The Buddha recommended that every person should remember every single day that we are not here for ever. It is a guest performance, which can be finished any time. We don't know when; we have no idea. We always think that we may have seventy-five or eighty years, but who knows? If we remember our vulnerability every single day, our lives will be imbued with the understanding that each moment counts and we will not be so concerned with the future. Now is the time to grow on the spiritual path. If we remember that, we will also have a different relationship to the people around us. They too can die at any moment, and we certainly wouldn't like that to happen at a time when we are not loving towards them. When we remember that, our practice connects to this moment and meditation improves because there is urgency behind it. We need to act now. We can only watch this one breath, not the next one. —Ayya KhemaI'm not so sure. Knowing that I'm going to die—now or some time from now—doesn't imbue me with the desire to live in the moment. It pushes me to do the things I want to do—such as writing this blog entry. Knowing that I'm going to die makes it more important to me that I write this now rather than wait for some other time when I might have more time and less to do. But I wouldn't call that living in the moment—at least not in the usual way I understand that term as meaning being aware of my immediate experience in the world. It may push me to become more aware of—and want to record—my mental experiences. Perhaps also that counts as living in the moment. If living in the moment refers to developing an awareness of one's subjective experience, however it is being experienced at the moment, then doing what I'm doing now is closer to living in the moment. In that case, it's unlikely that one can live in the moment with respect to all one's faculties simultaneously.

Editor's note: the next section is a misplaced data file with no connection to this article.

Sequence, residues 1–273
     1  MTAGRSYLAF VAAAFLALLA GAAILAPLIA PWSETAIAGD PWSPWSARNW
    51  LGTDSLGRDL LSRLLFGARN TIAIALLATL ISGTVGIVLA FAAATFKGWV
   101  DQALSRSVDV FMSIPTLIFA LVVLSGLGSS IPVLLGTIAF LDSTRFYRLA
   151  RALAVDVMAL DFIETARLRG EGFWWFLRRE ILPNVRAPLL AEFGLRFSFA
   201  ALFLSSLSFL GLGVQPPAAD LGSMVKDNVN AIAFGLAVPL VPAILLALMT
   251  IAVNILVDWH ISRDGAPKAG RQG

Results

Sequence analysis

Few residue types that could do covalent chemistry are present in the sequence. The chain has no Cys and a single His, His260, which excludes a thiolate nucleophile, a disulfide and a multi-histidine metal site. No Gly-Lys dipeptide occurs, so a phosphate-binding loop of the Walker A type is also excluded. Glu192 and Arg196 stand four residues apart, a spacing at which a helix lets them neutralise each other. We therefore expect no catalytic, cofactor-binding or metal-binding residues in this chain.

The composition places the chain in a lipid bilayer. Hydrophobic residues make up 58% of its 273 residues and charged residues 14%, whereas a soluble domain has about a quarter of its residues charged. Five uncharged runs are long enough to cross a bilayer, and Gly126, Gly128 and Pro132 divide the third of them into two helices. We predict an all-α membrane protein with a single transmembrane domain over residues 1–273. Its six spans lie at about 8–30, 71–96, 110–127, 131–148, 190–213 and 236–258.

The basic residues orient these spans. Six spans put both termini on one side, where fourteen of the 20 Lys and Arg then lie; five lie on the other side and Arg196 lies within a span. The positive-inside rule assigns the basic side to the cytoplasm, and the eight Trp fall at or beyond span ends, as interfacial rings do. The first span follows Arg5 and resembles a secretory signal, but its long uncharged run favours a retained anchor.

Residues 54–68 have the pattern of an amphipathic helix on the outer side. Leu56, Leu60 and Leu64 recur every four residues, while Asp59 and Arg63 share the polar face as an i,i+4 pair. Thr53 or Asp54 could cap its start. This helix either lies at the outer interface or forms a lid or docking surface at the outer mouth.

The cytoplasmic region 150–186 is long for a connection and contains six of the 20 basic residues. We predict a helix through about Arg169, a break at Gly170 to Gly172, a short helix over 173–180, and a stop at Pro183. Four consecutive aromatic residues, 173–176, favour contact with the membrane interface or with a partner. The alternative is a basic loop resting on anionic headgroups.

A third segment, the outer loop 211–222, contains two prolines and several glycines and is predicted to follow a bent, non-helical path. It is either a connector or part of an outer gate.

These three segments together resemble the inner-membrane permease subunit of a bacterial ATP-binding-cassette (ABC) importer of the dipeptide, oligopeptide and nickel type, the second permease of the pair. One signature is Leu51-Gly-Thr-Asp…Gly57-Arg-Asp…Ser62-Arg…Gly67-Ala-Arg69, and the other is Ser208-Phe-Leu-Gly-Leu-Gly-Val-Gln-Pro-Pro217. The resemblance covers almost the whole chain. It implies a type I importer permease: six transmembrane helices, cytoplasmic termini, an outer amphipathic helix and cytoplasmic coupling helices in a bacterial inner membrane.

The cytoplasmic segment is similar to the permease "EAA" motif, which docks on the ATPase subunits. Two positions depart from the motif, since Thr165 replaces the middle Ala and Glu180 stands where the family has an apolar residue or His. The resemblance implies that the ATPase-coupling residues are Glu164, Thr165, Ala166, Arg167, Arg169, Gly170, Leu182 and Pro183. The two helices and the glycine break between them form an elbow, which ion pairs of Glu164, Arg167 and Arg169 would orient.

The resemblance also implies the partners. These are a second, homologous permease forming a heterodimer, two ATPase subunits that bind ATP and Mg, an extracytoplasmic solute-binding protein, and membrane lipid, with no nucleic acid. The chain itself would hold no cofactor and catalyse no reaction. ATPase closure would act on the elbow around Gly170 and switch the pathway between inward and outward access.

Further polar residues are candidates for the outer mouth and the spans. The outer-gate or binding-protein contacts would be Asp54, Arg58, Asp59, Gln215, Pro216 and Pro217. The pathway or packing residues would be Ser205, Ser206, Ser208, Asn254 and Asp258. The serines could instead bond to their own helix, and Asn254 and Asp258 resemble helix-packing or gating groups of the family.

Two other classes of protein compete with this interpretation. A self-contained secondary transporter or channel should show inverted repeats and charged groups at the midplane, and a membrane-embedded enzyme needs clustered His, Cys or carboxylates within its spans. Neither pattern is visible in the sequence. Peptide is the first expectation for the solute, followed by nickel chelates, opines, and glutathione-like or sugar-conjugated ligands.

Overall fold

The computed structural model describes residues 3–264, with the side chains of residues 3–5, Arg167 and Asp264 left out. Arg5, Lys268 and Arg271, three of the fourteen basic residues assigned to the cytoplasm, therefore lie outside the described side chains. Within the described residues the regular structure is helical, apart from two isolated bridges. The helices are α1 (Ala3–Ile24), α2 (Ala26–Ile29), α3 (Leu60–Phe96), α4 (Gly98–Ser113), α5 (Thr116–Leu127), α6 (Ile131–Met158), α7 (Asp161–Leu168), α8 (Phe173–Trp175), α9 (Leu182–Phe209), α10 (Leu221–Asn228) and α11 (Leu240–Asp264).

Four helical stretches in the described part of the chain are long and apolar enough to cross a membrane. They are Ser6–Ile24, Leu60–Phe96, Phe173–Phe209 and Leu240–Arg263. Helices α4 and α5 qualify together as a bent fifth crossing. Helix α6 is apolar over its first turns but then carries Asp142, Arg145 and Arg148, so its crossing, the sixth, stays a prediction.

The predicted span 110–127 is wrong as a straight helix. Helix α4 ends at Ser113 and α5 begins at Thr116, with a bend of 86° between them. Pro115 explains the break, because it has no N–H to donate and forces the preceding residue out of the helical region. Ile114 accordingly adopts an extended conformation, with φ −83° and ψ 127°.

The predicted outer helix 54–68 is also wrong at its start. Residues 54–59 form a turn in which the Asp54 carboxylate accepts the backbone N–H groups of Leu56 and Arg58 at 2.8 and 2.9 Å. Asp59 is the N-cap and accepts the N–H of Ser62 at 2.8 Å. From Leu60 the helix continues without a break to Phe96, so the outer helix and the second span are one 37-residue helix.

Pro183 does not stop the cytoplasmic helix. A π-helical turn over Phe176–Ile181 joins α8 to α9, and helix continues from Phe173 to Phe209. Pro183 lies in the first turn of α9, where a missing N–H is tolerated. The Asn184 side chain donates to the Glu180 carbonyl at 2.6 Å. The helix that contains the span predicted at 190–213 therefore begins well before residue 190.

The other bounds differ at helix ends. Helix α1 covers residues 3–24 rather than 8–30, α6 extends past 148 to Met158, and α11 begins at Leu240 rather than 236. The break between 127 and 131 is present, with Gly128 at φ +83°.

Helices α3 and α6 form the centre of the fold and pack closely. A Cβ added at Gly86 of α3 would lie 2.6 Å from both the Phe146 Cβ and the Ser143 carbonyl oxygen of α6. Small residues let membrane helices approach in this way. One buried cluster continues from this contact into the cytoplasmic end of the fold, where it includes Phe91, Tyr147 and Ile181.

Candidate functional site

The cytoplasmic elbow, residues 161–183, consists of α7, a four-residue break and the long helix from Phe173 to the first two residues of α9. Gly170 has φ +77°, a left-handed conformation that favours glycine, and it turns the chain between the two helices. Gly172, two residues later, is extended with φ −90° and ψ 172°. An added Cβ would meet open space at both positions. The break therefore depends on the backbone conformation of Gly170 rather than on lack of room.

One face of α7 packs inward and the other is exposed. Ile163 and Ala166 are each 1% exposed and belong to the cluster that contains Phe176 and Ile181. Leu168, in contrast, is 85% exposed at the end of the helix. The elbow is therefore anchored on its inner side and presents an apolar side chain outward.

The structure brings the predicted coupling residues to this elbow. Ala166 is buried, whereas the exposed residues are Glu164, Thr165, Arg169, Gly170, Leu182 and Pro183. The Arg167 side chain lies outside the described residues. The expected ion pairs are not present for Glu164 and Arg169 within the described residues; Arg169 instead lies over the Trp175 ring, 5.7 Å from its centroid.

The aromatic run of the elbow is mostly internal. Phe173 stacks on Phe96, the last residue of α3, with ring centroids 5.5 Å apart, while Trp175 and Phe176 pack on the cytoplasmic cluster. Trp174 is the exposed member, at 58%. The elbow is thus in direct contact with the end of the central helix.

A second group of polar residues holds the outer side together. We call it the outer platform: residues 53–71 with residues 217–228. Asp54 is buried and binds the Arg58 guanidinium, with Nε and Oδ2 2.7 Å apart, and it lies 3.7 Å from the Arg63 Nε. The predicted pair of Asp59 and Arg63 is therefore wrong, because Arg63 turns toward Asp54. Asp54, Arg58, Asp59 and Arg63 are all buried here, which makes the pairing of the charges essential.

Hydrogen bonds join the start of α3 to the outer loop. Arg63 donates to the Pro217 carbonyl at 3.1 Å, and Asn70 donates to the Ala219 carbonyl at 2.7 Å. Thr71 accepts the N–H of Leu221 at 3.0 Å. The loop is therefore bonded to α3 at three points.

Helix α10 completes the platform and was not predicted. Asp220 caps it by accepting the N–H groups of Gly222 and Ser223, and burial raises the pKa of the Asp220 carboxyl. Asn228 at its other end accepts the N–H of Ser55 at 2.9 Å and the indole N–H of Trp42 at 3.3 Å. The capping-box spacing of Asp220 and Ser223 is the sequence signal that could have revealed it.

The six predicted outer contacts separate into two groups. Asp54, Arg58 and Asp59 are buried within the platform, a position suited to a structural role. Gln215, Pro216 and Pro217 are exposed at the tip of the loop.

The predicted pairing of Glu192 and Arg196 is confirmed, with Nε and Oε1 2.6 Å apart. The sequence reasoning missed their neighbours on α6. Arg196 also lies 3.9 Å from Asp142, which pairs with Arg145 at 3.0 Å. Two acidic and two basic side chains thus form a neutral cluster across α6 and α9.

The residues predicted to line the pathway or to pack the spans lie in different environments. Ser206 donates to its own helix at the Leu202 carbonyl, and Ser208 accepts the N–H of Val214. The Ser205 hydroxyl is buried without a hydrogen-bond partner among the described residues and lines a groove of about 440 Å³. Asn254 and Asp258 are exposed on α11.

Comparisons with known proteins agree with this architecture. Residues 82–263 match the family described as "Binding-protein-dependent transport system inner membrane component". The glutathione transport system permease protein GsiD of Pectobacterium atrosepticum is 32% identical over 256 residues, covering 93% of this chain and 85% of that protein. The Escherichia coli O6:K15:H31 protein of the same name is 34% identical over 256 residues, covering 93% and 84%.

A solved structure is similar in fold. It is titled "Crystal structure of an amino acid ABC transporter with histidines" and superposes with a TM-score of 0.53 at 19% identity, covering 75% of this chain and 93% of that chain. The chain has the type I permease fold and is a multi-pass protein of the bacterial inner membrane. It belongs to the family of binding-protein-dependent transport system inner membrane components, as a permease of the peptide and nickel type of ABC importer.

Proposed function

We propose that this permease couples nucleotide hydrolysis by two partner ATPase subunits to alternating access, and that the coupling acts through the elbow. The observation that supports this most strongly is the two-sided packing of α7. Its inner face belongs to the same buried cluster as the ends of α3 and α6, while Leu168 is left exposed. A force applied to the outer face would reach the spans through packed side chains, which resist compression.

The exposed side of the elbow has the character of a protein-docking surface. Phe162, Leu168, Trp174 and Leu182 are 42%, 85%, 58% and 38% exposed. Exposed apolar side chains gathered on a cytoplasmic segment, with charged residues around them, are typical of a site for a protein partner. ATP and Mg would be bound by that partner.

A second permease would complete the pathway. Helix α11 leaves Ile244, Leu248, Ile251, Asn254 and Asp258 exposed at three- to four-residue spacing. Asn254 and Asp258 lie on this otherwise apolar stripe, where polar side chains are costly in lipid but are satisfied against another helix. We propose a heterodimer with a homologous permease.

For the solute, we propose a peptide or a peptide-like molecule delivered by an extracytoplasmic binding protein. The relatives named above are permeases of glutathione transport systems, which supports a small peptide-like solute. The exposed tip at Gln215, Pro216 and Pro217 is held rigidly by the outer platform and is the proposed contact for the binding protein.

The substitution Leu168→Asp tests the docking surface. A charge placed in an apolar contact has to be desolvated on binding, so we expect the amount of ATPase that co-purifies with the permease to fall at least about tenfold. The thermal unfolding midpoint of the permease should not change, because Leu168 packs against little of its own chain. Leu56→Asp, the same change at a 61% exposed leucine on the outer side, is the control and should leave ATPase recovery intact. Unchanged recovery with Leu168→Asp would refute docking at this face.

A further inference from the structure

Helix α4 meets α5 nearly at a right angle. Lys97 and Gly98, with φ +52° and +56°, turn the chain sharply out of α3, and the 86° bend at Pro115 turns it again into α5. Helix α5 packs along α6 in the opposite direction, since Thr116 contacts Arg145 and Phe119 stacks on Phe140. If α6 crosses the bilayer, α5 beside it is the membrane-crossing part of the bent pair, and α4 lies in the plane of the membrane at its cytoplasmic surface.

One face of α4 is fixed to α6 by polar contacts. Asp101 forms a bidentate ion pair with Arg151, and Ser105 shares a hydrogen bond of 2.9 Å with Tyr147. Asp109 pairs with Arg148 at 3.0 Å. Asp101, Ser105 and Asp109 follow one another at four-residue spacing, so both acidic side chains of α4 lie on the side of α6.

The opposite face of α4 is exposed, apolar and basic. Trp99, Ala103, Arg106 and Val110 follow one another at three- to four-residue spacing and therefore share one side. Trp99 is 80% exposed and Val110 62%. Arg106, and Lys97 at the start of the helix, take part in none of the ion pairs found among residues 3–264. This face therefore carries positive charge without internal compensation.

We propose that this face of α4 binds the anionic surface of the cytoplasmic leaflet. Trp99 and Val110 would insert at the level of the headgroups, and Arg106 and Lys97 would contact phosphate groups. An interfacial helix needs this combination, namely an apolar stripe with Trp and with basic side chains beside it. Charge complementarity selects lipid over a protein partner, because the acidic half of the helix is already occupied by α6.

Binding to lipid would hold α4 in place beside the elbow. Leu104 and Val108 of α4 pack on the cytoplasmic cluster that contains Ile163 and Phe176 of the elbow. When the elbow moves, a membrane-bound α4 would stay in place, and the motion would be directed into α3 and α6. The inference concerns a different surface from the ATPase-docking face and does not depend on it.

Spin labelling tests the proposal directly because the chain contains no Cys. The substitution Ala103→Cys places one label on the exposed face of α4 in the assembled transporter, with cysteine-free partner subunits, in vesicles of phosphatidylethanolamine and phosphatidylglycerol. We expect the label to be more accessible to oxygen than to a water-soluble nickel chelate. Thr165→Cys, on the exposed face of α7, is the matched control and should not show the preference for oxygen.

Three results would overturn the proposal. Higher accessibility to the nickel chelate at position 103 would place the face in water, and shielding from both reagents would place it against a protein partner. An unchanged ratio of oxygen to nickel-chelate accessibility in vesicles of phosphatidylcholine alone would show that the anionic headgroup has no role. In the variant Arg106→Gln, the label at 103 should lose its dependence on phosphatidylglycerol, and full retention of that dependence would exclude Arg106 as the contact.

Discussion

Sunday, August 12, 2007
Every Single Day(?)
Tricycle's Daily Dharma for August 12, 2007 says the following.